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Some state leaders, others kept in the know during AEP Ohio planned outages

Messages were sent out by state officials who said they were in contact with AEP Ohio to lawmakers and others beginning Tuesday afternoon.

COLUMBUS, Ohio — Franklin County EMA Director Jeff Young said he started to become aware of the AEP Ohio power outages Tuesday afternoon at roughly the same time many others were discovering them – as power was being cut off from one neighborhood to another.

He said he finally started calling AEP Ohio himself around 4 p.m. that afternoon, trying to get answers so that his agency could work to minimize potential impacts on neighborhoods. 

He said the first sanctioned report from AEP Ohio came around 9:30 p.m. Tuesday.

"I'm frustrated with not receiving active, operational, proactive information, which then puts us at a disadvantage for managing impact on neighborhoods,” Young said.

He said he continued to try to contact AEP Ohio to pass along information, including concerns about the Franklin County Dog Shelter, which had lost power. 

He pointed out the communication was so lax that the only indication he had of an impending power outage was when his own building lost power and had to move to the generator.

Meanwhile, it appears other agencies were in touch with AEP Ohio.

Officials at the Department of Administrative Services, which oversees several state government buildings, including the Riffe Center and Rhodes Office Tower, sent out multiple messages to tenants within those buildings and made their way to some state workers, including state lawmakers.

In the first message, sent out at 4:24 p.m. Tuesday, DAS warned of interruptions to the power supply, adding, “We are aware of the issue and working directly with AEP to limit any impact to DAS owned buildings.”

That message went out more than a half-hour before AEP Ohio alerted the media that the power outages that day had been intentional and might continue.

In a release sent at 5:01 p.m. Tuesday, AEP Ohio stated, “Combined with impacts from the heat today, lines were overloaded and we were forced to take some customers offline to protect the system and reduce the risk of longer, widespread outages.”

Communications from DAS continued Tuesday night and into Wednesday. Rep. Kyle Koehler, R-Springfield, posted on Facebook the text message he received early Wednesday morning.

“AEP has notified us that they will be doing intentional rolling outages today that will impact the Riffe. Therefore, we are implementing WFH today, Wednesday, June 15.”

In the end, the Riffe Center did not lose power on Wednesday, and there had been rumors that the governor’s office had intervened to prevent that from happening. However, both a spokesman from the governor’s office and DAS denied that claim.

“No individual from either DAS or the Governor’s Office intervened to prevent the Riffe Center from losing power,” said a statement from DAS. “In fact, the Riffe Center experienced a small period of reduced power Tuesday afternoon.”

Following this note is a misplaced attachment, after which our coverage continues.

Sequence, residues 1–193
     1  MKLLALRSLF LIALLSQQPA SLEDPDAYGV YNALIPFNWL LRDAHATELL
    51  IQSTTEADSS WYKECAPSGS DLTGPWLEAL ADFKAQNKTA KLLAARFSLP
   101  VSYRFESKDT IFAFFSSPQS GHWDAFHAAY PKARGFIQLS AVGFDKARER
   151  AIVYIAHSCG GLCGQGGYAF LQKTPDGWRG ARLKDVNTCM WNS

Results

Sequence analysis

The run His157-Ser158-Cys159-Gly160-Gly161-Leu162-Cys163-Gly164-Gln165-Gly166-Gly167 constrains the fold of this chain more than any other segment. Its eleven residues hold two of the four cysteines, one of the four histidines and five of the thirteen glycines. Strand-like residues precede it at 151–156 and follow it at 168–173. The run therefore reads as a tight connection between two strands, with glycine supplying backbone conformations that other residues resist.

AEP leaders responded to criticism about communication by pointing out that the outages on Tuesday were emergencies, leaving no time to alert anyone ahead of time, adding that all communications after that indicated that forced outages were possible.

“We did have key account managers working with our critical service and high-volume customers to ensure that critical facilities were supported,” read a statement to 10TV. “DAS manages the state of Ohio account and is a large customer, so we would have been in contact with them. However, we did not offer any information to them that would not have been available at that time to the public.”

However, the Franklin County EMA office shared with 10TV a Thursday afternoon communication directly from AEP Ohio, which warned of more potential forced outages, information that was not included in a media release from AEP Ohio sent out at roughly the same time.

The EMA email said the following:

“Emergency forced outages are still a potential for today. Multiple transmission lines have been restored but work continues to restore additional 138KV lines.

We hope to avoid outages, but to protect the overall integrity of the grid, we may have to take out some circuits.

I wanted to reach out to you in the event your counties are impacted and hope this information helps you prepare.”

A spokesperson with AEP responded with the following:

Critical infrastructure like hospitals and public safety facilities are important to remain in contact with because they are providing critical services to the public.

Similarly EMA directors play a critical role. When that message was sent no emergency outages were imminent and we had stated publicly that we were monitoring the performance of the system.

We did ask customers via our social channels and with help from media outlets to conserve energy during peak hours today to reduce the potential of further emergency outages.

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